• To review MR imaging features of uterine sarcomas with emphasis on leiomyosarcoma • To review the MR imaging spectrum of leiomyomas with atypical imaging features • To discuss the pearls and pitfalls in the differential diagnosis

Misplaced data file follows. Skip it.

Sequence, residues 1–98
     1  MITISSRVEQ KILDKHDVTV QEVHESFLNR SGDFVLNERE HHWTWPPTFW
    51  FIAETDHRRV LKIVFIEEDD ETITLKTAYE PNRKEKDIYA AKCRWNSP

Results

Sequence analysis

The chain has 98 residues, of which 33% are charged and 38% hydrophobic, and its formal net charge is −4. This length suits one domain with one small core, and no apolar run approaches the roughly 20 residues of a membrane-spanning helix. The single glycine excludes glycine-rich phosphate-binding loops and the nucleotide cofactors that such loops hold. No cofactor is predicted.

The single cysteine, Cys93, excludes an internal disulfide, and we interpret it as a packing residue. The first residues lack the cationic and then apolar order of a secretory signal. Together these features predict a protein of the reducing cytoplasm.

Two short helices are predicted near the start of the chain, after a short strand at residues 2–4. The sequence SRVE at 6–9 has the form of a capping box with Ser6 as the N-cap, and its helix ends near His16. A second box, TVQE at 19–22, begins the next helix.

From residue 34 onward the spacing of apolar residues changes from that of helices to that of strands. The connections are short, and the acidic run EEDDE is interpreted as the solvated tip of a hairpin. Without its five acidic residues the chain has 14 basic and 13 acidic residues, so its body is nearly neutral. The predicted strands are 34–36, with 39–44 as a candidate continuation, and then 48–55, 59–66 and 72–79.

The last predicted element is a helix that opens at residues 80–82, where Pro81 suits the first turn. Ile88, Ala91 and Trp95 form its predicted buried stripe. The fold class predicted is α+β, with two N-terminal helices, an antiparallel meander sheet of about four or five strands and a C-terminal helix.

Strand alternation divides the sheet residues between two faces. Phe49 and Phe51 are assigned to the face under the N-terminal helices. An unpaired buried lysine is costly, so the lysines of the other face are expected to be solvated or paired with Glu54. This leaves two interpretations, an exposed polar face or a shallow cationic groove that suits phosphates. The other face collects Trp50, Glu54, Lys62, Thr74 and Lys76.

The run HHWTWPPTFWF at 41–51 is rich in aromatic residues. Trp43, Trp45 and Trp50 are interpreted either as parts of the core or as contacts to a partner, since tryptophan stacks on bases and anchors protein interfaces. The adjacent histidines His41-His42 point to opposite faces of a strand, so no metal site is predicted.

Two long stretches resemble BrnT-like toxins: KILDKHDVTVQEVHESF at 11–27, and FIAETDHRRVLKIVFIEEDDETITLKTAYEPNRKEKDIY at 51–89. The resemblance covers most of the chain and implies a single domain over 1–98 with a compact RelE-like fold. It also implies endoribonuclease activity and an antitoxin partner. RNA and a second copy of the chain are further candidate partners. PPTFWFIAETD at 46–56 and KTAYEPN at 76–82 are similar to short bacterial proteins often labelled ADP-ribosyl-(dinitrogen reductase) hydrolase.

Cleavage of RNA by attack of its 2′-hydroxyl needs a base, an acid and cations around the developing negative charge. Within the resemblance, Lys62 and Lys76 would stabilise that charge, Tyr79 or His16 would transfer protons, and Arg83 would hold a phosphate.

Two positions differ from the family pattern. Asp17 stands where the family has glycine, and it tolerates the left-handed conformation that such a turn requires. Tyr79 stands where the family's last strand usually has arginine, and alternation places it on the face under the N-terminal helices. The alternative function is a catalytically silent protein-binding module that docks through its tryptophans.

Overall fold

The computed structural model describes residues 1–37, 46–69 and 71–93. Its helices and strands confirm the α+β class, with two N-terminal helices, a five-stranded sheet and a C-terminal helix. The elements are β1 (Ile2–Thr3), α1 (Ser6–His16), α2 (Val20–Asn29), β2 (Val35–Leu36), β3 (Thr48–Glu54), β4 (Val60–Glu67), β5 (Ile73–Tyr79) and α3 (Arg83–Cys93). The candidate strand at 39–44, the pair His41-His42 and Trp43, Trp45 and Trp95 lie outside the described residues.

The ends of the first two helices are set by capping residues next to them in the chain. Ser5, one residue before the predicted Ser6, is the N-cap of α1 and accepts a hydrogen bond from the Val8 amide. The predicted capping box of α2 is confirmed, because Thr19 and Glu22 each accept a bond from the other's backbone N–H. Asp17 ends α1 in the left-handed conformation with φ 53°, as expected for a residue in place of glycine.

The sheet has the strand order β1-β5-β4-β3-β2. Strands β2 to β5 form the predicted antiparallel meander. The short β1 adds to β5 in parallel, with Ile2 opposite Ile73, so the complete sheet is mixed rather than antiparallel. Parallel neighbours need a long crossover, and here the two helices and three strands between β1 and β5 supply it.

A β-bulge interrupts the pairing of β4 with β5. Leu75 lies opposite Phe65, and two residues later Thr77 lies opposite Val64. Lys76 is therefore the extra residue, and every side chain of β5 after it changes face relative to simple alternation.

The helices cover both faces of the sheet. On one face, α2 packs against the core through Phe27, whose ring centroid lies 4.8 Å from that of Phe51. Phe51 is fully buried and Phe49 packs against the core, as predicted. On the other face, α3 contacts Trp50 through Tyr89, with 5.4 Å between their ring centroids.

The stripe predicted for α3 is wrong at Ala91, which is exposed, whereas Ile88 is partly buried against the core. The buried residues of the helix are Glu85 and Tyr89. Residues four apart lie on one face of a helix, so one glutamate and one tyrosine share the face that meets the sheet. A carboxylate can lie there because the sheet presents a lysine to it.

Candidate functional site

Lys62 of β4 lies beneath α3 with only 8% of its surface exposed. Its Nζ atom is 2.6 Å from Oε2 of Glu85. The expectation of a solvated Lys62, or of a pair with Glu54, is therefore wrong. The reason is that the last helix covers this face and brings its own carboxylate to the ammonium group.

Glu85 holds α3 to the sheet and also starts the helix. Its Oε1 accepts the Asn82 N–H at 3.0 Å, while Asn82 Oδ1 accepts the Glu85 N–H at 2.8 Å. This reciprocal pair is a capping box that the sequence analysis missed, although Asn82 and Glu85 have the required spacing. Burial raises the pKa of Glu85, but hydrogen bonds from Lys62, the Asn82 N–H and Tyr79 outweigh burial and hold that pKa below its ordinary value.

Leiomyomas are the most common myometrially-based benign tumors of the uterus occurring in 20% -40% of reproductive-age women and 70—80% of perimenopausal women while uterine sarcomas are rare malignant tumors. Both types of tumors originate from smooth muscle (1). Leiomyosarcomas (LMS), which represent <1% of uterine malignancies. Uterine sarcomas constitute a group of cancers, and among them, leiomyosarcomas account for approximately 70% of cases, making them a major contributor to uterine cancer deaths (2). Uterine sarcomas and leiomyomas share similar clinical presentations, which involve an increase in uterine size, abdominal pain, and vaginal bleeding; thus, cannot reliably be distinguished clinically (3). Therefore, preoperative radiological differentiation is of paramount importance since uterine sarcomas should be diagnosed early and surgically removed with R0 resection, whereas conservative or minimally invasive intervention is usually sufficient for leiomyomas. The distinction of leiomyosarcoma from the classical and the variant leiomyoma types (i.e., atypical imaging features) could be challenging. On MR imaging, benign leiomyomas may present with varying appearances, including cystic or hemorrhagic degeneration or a highly cellular appearance. The imaging features vary greatly, which in turn makes it quite challenging to distinguish and interpret them accurately. Identifying an atypical leiomyoma as a malignant entity can result in extensive surgery with uterine loss, while a less extensive surgical procedure or a non-surgical approach may have been a viable option. On the other hand, disregarding a potential sarcoma may cause a delay in diagnosis and inappropriate management, resulting in catastrophic consequences. Due to the aggressive nature of these lesions to metastasize, there is a possibility of missing the opportunity for intervention at the time of uterine-limited disease. In this educational poster, we aim to review the MR imaging spectrum of uterine leiomyosarcomas and atypical leiomyomas with emphasis on pearls and pitfalls in the distinction. MR imaging of leiomyomas versus leiomyosarcoma The most effective imaging modality for evaluating the imaging features and differentiating leiomyomas from leiomyosarcomas is magnetic resonance imaging (MRI). This is attributed to its ability to assess the signal intensity of soft tissues, which is especially useful for the diagnosis of fibroids that exhibit a characteristic appearance of a homogeneous, whorled, low T2 signal intensity lesion. Indeed, such features have a very high negative predictive value for benign fibroids. Characteristically, uterine leiomyomas appear as well-defined masses of variable size on magnetic resonance imaging, which can either present as single or multiple lesions, with low signal intensities detected on both T1-weighted images (T1-WI) and T2-weighted images (T2-WI) (Fig. 1) (4). However, besides degeneration and edematous appearances, various spectrum of signal intensities may be seen in atypical leiomyomas. Hyaline, cystic, myxoid, and hemorrhagic degeneration may occur in leiomyomas which are easily diagnosed on MRI. Hyaline degeneration is the most prevalent type of degeneration, detected in up to 60% of leiomyomas. On MRI, the appearance of hyaline-degenerated leiomyomas is usually comparable to non-degenerated fibroids. Hyaline necrosis may at times present as scattered, thin, and ill-defined high T2WI signal intensity areas throughout the tumor. Hyalinization leads to the reduction of extracellular space, thereby causing a decrease in the enhancement on dynamic contrast-enhanced MR scans (5). Signal voids on MRI may indicate the presence of calcification (Fig. 2) (6). The presence of cystic components of variable number and size within the leiomyomas is a characteristic of cystic degeneration. This occurs due to extreme hyaline necrosis, resulting in liquefaction. They are represented on MR imaging as well-defined internal areas exhibiting homogeneous fluid-like signal intensity and no enhancement after contrast administration (Fig 3) (5). Myxoid degeneration is typically characterized by low or iso T1 signal intensity and markedly increased heterogeneous T2 signal intensity, and it may feature a characteristic laminated pattern either in T2WI or contrast-enhanced images (Fig 4) (7). Hemorrhagic degeneration, also known as red or cavernous degeneration, is a result of coagulative necrosis caused by an acute obstruction of blood supply and tumor infarction. Pregnancy and administration of oral contraceptives are factors associated with this condition. Signs and symptoms may manifest as persistent acute abdominal pain, fever, and leukocytosis (5). The high T1 signal intensity of red degenerated leiomyomas is usually due to the paramagnetic effect of methemoglobin. Moreover, their T2 signal intensity changes with the progression of hemoglobin degradation through the natural aging process of blood (8). The absence of enhancement may occur due to complete loss of blood flow to the affected component (Fig. 5) (9). Lipoleiomyoma represents a rare form of leiomyoma that contains mature macroscopic fat. The presence of high T1 signal intensity within the leiomyoma, which is suppressed on fat-suppressed sequences, is a characteristic feature (Fig. 6). CT imaging can display fat attenuation (Fig.7) (10). Cellular leiomyoma is a type of leiomyoma variant characterized by low T1 signal intensity, intermediate-to-high T2 signal intensity, and variable enhancement. The hypercellularity of cellular leiomyoma is responsible for markedly restricted diffusion, which can be misleading and cause suspicion of malignancy (Fig. 8) (7). On the other hand, leiomyosarcoma usually has some worrisome features such as irregular borders, areas of intralesional hemorrhage, necrosis, T2 dark areas, and early central enhancement in the soft tissue part of the tumor (Fig. 9). Irregularly shaped or poorly defined tumor-myometrium interphase is a significant suspicious characteristic that occurs frequently in sarcomas. Heterogeneous enhancement is typical for myometrially-based uterine sarcomas with central areas lacking contrast enhancement due to necrosis. Extrauterine spread may occur in certain cases, which may include the presence of ascites and peritoneal deposits. (11). Degenerating leiomyomas manifest areas without enhancement that are consistent with the locations of degeneration. Therefore, it is paramount to compare the signal intensity in these areas to the standard T1-WI and T2-WI to distinguish areas with hyaline, cystic, or red cell degeneration that demonstrate typical signal intensities. Moreover, it should be noted that uterine sarcomas exhibit distinct enhancement features when compared to leiomyomas. Specifically, sarcomas present higher mean contrast enhancement and early enhancement ratios as opposed to leiomyomas (12). Intralesional hemorrhage is highly sensitive and specific for LMS. The identification of blood products within the lesion is hence a valuable aid in distinguishing sarcoma from fibroids and is an unusual finding in the latter (11). Low signal intensity and dark areas may be observed in LMS due to flow voids or intralesional hemosiderin. It is important to note that these characteristics are distinct from the regular low T2 signal observed in benign leiomyomas and, it would be useful to take into account their correlation with T1WI and enhancement pattern (11). Besides, endometrial involvement is common in sarcomas, affecting up to half of cases and leading to endometrial stripe loss or irregularity (13). In addition, sarcomas display high DWI signal intensity surpassing that of the endometrium and low ADC values (11).